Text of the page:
The part of the ending where Simon gave up the Gurren Lagann and became a wanderer is even more fitting after watching it again and noticing a specific line: "I'm just Simon the Digger. I shouldn't be the one to traverse those tunnels that I make". It's pretty much telling us that his role was to lead the way to a new life of freedom to all races, but leading the people after freeing them isn't something he's suited for or would even enjoy. Additionally, by this point he was creating so much spiral power that he would have a hard time using only a comparatively little, and since the only threat that would require so much Spiral Power was gone him remaining a pilot would be more of a liability than an asset. That's why he gave the Core Drill and Gurren Lagann to Gimmy. Thus he can instead live a humble life with his closest friend (Boota), which is pretty much all he ever really wanted. This also brings new meaning to Simon's adjustment of the Arc Words in the finale that "My drill is the drill that creates the heavens!"—He didn't say anything about commanding them, now did he?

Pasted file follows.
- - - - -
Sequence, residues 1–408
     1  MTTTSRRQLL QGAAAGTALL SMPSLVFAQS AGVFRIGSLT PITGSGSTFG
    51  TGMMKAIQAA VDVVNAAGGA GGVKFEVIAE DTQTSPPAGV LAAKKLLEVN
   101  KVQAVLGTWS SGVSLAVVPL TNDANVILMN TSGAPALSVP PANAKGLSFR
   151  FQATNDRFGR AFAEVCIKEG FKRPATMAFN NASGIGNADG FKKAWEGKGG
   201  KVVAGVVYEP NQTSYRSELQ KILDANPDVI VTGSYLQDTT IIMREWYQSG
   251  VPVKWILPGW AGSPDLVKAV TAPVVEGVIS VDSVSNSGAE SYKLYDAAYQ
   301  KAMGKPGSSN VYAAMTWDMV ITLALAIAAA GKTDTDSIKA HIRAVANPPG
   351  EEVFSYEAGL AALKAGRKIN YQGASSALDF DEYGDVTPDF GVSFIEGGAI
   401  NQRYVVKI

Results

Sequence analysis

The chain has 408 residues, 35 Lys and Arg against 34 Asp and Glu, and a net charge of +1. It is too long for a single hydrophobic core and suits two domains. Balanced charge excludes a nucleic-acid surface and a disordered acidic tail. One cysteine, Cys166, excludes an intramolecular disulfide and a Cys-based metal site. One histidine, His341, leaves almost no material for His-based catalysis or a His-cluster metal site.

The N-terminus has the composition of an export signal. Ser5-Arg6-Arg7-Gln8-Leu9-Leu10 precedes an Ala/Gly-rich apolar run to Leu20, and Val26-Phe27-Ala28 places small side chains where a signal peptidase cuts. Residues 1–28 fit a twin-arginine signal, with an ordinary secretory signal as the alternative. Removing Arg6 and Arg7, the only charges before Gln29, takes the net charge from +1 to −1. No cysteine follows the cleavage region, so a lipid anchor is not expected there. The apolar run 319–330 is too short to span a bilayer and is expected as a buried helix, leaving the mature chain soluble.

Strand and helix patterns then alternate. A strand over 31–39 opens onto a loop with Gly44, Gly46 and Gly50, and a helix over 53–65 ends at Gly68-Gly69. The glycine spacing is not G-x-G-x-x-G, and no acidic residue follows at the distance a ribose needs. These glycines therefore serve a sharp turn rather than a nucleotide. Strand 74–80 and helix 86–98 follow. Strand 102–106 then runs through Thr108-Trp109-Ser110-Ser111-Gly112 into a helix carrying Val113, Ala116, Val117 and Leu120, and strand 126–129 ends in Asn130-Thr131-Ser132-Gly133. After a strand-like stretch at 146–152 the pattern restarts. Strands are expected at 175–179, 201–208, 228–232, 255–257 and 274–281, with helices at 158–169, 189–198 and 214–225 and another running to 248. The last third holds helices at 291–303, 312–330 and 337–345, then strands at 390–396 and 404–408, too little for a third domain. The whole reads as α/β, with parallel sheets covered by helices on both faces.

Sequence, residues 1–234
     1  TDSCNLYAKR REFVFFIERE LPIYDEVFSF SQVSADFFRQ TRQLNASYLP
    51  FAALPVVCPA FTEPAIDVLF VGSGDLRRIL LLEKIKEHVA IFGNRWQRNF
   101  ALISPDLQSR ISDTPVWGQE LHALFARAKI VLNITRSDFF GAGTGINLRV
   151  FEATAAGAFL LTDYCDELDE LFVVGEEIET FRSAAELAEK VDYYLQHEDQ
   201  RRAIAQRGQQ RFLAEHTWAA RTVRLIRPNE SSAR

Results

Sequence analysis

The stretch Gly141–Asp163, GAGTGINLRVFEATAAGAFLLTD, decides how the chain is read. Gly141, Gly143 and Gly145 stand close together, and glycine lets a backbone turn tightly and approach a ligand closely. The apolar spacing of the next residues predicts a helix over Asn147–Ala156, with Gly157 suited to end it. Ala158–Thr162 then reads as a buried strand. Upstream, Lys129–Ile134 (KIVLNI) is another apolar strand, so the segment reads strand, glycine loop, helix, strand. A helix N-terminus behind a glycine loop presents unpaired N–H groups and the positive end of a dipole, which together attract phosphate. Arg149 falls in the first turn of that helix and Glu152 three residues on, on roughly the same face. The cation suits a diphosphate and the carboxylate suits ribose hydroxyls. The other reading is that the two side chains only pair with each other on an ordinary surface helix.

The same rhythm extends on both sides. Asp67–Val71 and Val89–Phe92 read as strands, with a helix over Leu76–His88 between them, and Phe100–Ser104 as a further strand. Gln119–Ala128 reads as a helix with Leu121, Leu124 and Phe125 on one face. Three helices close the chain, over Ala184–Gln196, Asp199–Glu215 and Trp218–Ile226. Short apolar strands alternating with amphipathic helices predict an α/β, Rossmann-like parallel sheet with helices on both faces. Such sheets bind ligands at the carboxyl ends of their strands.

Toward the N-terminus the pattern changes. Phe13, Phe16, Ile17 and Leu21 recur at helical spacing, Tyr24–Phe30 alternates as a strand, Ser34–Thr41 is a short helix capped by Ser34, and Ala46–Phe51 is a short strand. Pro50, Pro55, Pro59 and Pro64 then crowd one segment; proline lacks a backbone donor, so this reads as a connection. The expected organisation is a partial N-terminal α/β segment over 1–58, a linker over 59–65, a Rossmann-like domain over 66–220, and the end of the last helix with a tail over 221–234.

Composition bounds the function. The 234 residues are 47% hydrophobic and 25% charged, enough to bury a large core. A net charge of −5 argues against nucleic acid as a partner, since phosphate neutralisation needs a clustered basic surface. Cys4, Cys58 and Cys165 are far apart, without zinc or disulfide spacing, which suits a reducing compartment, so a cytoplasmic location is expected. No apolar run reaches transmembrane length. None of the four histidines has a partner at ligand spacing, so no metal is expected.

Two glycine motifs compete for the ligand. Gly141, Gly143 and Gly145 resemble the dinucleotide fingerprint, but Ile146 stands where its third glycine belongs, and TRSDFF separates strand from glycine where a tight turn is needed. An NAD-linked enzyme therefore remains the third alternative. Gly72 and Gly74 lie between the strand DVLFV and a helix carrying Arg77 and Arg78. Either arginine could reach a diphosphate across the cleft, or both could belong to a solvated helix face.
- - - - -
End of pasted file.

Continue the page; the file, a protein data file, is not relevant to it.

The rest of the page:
Beastmen operating Gunmen without Spiral Power: the majority of them were solar powered, thus explaining why Beastmen only attacked during the day unless they had other power sources like the one from the Hot Springs Episode (geothermal) and coming out of Teppelin (Lordgenome's Spiral Power).